The core element in the vision of the duo was always to consider the movement as the very heart of the watch, which meant that the company would need to be a manufacture to produce its own movements. “This was not just a question of designing our own movements,” explains Claude, “but being able to take exactly the kind of brass that we wanted and the type of steel that we wanted to make the best possible plates, bridges, screws and pinions that we could and to do the electroplating and finishing, as well as the assembly, all in-house.”
Armin Strom: A fully integrated manufacture
While #arminstrom is a vertically integrated complete horological manufacture, no new watch movement would ever see the light of day, however, were it not for Claude Greisler, who puts ideas such as the one for the revolutionary Mirrored Force Resonance movement down on paper before they are transferred to computer-aided design programmes to start modelling the movement. Like so many things at #arminstrom, all of this is done in-house, with the dimensions calculated down to a precision of one micron to provide the inputs for the machines that will eventually produce the smallest of components.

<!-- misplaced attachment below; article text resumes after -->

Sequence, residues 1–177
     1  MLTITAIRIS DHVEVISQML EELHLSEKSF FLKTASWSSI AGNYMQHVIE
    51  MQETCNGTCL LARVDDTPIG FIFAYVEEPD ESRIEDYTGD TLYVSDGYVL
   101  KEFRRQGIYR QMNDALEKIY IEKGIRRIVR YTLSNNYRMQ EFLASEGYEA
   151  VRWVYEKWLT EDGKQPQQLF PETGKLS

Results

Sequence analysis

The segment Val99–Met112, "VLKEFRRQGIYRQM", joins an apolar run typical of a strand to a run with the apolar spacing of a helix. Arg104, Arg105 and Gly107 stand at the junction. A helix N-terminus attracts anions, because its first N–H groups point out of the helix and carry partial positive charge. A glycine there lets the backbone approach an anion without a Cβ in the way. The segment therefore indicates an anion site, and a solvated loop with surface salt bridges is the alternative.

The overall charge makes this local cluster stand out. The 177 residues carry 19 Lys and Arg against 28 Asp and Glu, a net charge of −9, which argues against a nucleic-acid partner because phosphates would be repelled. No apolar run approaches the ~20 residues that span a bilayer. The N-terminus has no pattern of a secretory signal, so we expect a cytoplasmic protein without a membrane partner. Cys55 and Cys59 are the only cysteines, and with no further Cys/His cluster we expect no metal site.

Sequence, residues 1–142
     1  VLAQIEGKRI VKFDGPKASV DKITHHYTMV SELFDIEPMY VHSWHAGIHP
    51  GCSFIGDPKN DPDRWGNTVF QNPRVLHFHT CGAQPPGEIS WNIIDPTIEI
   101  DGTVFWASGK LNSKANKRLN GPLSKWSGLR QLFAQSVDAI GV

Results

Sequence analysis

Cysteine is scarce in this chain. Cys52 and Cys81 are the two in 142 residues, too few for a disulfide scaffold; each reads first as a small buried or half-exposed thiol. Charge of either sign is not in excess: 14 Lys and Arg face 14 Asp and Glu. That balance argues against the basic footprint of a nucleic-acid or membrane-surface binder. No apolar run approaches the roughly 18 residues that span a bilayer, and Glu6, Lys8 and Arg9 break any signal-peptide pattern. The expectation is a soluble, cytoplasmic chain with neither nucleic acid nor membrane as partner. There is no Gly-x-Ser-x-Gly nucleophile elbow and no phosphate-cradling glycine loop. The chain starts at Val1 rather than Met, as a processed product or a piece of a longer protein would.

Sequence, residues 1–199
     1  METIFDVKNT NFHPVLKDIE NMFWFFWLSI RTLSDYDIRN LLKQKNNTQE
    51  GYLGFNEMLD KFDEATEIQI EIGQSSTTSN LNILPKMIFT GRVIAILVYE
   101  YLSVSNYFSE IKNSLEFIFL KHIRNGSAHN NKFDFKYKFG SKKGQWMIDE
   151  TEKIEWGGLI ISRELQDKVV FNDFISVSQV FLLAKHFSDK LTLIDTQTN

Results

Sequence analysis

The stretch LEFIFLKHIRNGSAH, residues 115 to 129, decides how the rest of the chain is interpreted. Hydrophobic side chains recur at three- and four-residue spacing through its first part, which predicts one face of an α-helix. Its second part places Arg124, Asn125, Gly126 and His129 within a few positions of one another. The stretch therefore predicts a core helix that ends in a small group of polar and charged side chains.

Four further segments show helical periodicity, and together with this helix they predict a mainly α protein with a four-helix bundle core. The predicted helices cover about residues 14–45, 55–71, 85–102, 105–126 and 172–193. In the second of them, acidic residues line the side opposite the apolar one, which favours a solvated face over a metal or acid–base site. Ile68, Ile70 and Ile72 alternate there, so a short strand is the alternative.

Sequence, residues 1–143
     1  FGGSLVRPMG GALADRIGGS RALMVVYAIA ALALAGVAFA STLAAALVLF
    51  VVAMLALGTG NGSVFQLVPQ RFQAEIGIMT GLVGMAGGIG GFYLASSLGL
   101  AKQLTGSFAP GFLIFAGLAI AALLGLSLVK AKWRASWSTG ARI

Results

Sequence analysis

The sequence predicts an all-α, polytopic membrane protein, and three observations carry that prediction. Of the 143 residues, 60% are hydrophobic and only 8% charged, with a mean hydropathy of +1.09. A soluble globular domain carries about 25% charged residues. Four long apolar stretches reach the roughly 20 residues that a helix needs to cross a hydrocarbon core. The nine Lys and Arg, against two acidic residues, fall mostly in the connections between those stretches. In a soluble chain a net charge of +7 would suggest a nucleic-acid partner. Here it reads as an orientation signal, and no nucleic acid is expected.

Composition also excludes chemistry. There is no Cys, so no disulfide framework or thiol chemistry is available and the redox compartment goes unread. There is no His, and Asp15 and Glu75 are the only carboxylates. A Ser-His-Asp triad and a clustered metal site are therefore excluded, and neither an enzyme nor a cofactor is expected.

At #arminstrom, the majority of components in the movement, with the exception of the escapement and balance spring, are produced in-house. Small round components like screws, pinions and gear wheels are produced by profile-turning machines, which gradually whittle away long steel or brass rods from the side to cut teeth or axles. Larger components such as base plates and bridges are produced from brass on CNC machines, which are capable of machining along multiple axes consecutively using different tools for different operations, moving the component using robotic arms.